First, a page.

Sondra Perry is back with us this week to finish out her NEA residency. She brought the catalogue for her show Typhoon Coming On at the Serpentine Gallery in London, where the video she worked on in her last residency was debuted. For this residency she is working on generating some new sounds, and trouble shooting some new tools.
This year we are able to offer a few artists two week residencies, and Adele Henderson is our first to have this experience. Adele is a printmaker and educator from Buffalo, who in her stay will us was able to make 11 editions and over 95 prints for two of her series Things To Do After I am Dead and Red List. She worked with both laser woodblocks and photo polymer plates, and used a variety of paper including paper from our Xuan paper project.
We welcomed the collaborative team of Petra Bachmaier and Sean Gallero, known as Luftwerk from Chicago, IL, for a two week long residency. This was their second time doing a residency with us, and as with their first residency they continued to push the boundaries between moving image and print. They made a series of digital gradient prints on Xuan paper that move when shown with a color changing LED, and a series of polymer plate prints. They were also able to finish 7 hand-bound accordion books, and one laser etched booked.
Barbara Madsen is an artist and Associate Professor at Mason Gross School of the Arts. Madsen is known for her work in photography, print, sculpture, and installation. Her vast collections of industrial matter — spark plugs, machine parts, welding masks, light switches, rubber, plastic, prosthetics, artificial eyes, and much more – serve as the stimulus for the work. Her art employs the tropes of modernism, popular culture and objects that are consumed and discarded.Post September 11th, Madsen’s anti-bigotry billboard, “Eye 4 Eye = Blind,” was raised above buildings in Jersey City and “Revenge Never Ends” was pasted behind NJPAC in Newark. In 2004 she was awarded a Puffin Foundation Fellowship for three banners in Washington D.C. Madsen’s banner of the smiley face with its mouth wide open, like Munch’s scream and gas mask, was hoisted over the façade of the Corcoran Museum of Art at 1661 Pennsylvania Avenue, across the lawn from the White House.
Her solo exhibtions include the New York Public Library, Pratt Institute, Tyler School of Art, Millersville University, St. Lawrence University, Miami University, University of Delaware, Palacky University-CZ, Graficki Collective-Serbia, Scuolal Internazionale di Grafica-Venice, ULUS Gallery-Serbia, Edinburgh Print Gallery-Scotland. Madsen designed the set for Leopold and Loeb at the Lowry Lab Theater in Minneapolis. Madsen has had over 100 national group exhibitions including the Corcoran Gallery of Art in Washington DC and internatioanlly in Japan, China, Belgium, France, Spain, Serbia, Germany, Poland, India, United Arab Emirates.
Kabi Raj Lama is an Artist from Kathmandu Nepal. He is known for his large-scale Woodcuts and Lithographic works. As a resident of Boudha and living close to the sacred Boudhanath Stupa, he was inspired by the strong cultural and spiritual environment. He believes that printing genre matches his creative tendencies, allows his emotions to easily transmit onto chemicals, ink, stone surface and paper. His recent works are bold and independent with brush movements creating raw strokes revealing the swift tendency he has developed in printmaking. He likes the idea of preparing the plates without any plans, not knowing its end result. The scale, speed and colors of these imprinted strokes speak the language of his inner motions. Kabi’s work has been exhibited internationally and he has been an Artist in Residence in Japan, China, Germany.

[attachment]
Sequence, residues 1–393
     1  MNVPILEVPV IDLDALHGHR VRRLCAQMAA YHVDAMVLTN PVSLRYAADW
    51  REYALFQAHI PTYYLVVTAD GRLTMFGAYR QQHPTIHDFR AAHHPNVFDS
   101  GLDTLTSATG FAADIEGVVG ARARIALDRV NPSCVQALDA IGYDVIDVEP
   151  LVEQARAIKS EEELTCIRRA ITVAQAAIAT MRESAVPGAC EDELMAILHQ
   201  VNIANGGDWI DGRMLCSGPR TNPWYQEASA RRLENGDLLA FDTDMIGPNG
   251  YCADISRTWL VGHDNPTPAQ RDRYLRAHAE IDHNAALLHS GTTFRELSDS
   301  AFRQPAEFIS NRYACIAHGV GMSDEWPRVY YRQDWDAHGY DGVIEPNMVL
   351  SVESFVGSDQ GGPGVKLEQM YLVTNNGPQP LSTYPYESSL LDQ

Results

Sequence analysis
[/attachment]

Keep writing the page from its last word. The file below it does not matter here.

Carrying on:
Judith is a visiting scholar from the University of New South Wales in Sydney, Australia, where she is a candidate for an MPhil degree. Her studio practice deals with memory, and is centered around her families’ ancestral home in Barcelona.
While here Judith archived over 100 family photos and objects using our new Canon 5D R-S DSLR and our large format high-resolution scanner. She turned these into a large series of digital, wood block and fabric prints to be exhibited in Australia and Spain.
Dave Jones is famous for the work he has done building analog systems for video synthesizing, syncing, and a myriad of other media systems. However, this week he came to do a print residency with us where we began to scan, and catalogue the system diagrams that he uses to build his electronics. Dave then cleaned up the scans and turned them into large format digital prints. Along with his diagrams we also scanned several boxes of historic slides that Dave began to manipulate into stereoscopic prints.
This week we had Rochester printmaker Adam Werth joining us for a week long residency where he really put our facilities to the test. Adam used his tradition printmaking background and combined it with the new technologies at the IEA to create aquatint plates using a polymer spray on zinc and then engraving the image with our laser. He also spent time creating a large body of new work with our digital printer, and chose to really play with the intense colors that are created from purely digital imagery.
We were lucky to have Phillip Stearns with us this week. Phillip produces both physical and intangible works, performances, and experiences using electronic media. His practice spans several disciplines from creative coding and physical computing to interactive light and sound installations, computational weaving to performances using light and sound.
During his residency here Phillip experimented with multiple processes including metal patinas that he attempted to etch with our laser cutter.
Here are a few images from his residency, he also did an Instagram takeover to document his process that you can see by following us @alfred_iea.
Quick results with vinegar and different salts. Boric acid is strong stuff!